BBC News Health
5 June 2012
Experts are warning that the public dangerously underestimates the health risks linked to smoking cannabis.
And 88% incorrectly thought tobacco cigarettes were more harmful than cannabis ones - when the risk of lung cancer is actually 20 times higher.
The BLF said the lack of awareness was "alarming."
Latest figures show that 30% of 16-59 year-olds in England and Wales have used cannabis in their lifetimes.
A new report from the BLF says there are established scientific links between smoking cannabis and tuberculosis, acute bronchitis and lung cancer.
Part of the reason for this, say the experts, is that people smoking cannabis take deeper puffs and hold them for longer than when smoking tobacco cigarettes.
"This is not a niche problem.” - Dame Helena Shovelton British Lung Foundation
This means that someone smoking a cannabis cigarette inhales four times as much tar as from a tobacco cigarette, and five times as much carbon monoxide, the BLF says.
Its survey found that young people are particularly unaware of the risks.
Some studies have also suggested cannabis increases the chances of developing mental health problems such as schizophrenia.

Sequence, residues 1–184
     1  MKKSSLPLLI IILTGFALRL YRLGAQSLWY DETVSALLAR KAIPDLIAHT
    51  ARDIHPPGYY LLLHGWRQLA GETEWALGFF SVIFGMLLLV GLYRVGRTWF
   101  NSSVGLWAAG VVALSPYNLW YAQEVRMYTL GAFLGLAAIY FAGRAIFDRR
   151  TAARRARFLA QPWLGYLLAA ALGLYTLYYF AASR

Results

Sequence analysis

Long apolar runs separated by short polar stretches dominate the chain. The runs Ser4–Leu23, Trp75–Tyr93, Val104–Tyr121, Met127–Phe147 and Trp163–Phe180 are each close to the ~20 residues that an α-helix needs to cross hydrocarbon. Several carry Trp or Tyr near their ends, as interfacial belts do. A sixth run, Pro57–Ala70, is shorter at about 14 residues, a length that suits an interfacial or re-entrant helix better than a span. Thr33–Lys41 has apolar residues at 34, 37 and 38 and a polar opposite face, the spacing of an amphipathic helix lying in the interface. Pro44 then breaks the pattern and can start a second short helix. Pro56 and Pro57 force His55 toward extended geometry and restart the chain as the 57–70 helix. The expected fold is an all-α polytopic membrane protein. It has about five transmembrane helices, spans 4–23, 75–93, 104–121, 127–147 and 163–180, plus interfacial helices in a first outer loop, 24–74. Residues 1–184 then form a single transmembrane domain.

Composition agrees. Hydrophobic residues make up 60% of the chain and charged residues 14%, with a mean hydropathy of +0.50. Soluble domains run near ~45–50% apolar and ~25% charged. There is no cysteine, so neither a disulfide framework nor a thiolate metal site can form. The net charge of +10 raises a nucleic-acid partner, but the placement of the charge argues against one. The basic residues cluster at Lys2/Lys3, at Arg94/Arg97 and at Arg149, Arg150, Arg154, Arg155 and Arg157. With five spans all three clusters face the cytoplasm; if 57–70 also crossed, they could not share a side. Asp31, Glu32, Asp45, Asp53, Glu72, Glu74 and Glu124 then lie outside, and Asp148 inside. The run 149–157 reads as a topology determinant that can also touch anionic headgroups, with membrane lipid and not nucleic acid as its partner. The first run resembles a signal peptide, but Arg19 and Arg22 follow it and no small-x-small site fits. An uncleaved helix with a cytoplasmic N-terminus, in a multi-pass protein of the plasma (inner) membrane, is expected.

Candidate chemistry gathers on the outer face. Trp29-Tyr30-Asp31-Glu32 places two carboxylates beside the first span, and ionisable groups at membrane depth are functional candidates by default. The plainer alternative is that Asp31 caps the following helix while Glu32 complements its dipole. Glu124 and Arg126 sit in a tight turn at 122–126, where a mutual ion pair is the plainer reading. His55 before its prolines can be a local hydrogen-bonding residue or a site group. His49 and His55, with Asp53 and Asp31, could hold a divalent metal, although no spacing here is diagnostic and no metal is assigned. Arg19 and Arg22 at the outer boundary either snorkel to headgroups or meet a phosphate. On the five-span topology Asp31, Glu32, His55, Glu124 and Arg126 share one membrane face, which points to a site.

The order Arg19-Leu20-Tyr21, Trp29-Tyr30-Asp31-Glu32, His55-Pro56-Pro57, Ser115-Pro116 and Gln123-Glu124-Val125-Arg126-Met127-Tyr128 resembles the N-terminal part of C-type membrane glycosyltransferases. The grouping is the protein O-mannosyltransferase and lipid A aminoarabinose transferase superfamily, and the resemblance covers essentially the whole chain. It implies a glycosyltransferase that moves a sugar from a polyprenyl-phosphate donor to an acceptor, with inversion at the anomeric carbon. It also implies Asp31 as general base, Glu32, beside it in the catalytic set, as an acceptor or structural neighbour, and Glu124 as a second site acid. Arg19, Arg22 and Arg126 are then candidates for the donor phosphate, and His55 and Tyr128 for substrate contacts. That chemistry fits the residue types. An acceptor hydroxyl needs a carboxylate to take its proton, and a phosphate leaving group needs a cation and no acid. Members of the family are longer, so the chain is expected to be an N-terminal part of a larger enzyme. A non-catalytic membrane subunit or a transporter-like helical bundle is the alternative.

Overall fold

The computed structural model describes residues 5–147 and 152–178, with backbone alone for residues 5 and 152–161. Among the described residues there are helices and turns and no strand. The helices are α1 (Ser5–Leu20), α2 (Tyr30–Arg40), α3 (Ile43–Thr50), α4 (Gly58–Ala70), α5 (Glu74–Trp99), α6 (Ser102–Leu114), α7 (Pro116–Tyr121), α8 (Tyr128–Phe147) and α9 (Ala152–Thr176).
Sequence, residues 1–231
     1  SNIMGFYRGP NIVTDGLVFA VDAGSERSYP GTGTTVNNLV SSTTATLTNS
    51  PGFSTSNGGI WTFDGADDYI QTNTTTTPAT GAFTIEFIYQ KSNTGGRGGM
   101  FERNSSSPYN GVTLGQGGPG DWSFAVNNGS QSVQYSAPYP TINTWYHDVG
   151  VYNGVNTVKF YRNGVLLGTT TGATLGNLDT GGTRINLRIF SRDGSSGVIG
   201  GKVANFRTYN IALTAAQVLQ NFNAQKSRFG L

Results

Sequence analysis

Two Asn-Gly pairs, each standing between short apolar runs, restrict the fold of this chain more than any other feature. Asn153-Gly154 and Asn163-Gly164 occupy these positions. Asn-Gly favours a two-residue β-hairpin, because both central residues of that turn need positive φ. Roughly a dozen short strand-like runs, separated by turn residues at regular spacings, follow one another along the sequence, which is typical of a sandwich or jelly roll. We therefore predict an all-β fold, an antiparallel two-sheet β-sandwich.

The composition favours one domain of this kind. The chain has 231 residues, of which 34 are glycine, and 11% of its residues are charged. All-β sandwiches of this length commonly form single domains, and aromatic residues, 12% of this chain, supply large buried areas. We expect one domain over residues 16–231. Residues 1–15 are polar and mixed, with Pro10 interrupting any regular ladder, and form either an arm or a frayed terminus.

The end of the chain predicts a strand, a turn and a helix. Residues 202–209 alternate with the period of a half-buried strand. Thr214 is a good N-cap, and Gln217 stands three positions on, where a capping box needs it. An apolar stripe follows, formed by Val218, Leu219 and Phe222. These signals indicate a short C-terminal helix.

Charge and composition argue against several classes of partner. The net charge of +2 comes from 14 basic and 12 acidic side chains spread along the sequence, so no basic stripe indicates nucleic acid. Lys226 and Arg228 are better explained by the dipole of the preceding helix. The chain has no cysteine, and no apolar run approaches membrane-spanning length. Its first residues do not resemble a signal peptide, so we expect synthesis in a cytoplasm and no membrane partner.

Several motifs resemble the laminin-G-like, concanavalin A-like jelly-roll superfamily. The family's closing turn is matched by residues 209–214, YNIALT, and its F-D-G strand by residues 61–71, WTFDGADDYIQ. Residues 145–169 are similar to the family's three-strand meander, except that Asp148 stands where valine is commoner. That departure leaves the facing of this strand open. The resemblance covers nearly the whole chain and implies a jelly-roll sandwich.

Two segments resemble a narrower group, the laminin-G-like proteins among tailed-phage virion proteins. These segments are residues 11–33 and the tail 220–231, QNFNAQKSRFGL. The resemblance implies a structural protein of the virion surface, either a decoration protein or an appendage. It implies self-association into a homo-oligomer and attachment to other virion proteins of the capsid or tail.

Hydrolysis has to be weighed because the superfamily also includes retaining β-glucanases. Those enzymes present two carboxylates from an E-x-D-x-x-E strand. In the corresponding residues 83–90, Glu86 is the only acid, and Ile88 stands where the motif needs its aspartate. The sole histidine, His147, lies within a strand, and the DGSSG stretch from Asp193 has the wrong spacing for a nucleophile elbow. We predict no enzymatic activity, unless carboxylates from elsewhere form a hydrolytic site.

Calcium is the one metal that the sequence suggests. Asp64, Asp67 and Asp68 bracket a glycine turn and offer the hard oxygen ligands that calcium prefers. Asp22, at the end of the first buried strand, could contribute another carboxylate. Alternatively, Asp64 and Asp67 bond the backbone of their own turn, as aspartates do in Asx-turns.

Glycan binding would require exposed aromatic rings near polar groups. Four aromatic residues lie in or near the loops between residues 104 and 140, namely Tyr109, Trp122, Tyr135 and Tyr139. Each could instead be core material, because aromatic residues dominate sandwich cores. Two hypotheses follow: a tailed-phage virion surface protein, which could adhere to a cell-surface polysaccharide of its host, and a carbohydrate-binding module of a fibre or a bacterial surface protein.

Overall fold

Almost 40% of the under-35s surveyed - the age group most likely to have smoked it - thought cannabis was not harmful.
However, the BLF report warned that smoking one cannabis cigarette every day for a year increases the chances of developing lung cancer by a similar amount as smoking 20 tobacco cigarettes each day for one year.
Its chief executive, Dame Helena Shovelton, said: "It is alarming that, while new research continues to reveal the multiple health consequences of smoking cannabis, there is still a dangerous lack of public awareness of quite how harmful this drug can be.
"This is not a niche problem - cannabis is one of the most widely-used recreational drugs in the UK, with almost a third of the population having tried it.
"We therefore need a serious public health campaign - of the kind that has helped raise awareness of the dangers of eating fatty foods or smoking tobacco - to finally dispel the myth that smoking cannabis is somehow a safe pastime."
The BLF's report says there should be a public education programme to raise awareness of the impact of smoking cannabis and increased investment in research into the health consequences of its use.
Peter Reynolds, leader of Clear, which used to be known as the Legalise Cannabis Alliance, suggested the BLF had been highly-selective in its use of research.
He added: "It is clear that this report was written not as a scientific document but as campaigning propaganda.
"As such it is misleading, inaccurate and dangerously irresponsible."
The British Lung Foundation said their report was based on sound research.
"The report references over 80 peer-reviewed research papers, is the most comprehensive report of its kind yet compiled, and has itself been peer-reviewed by a panel of independent experts."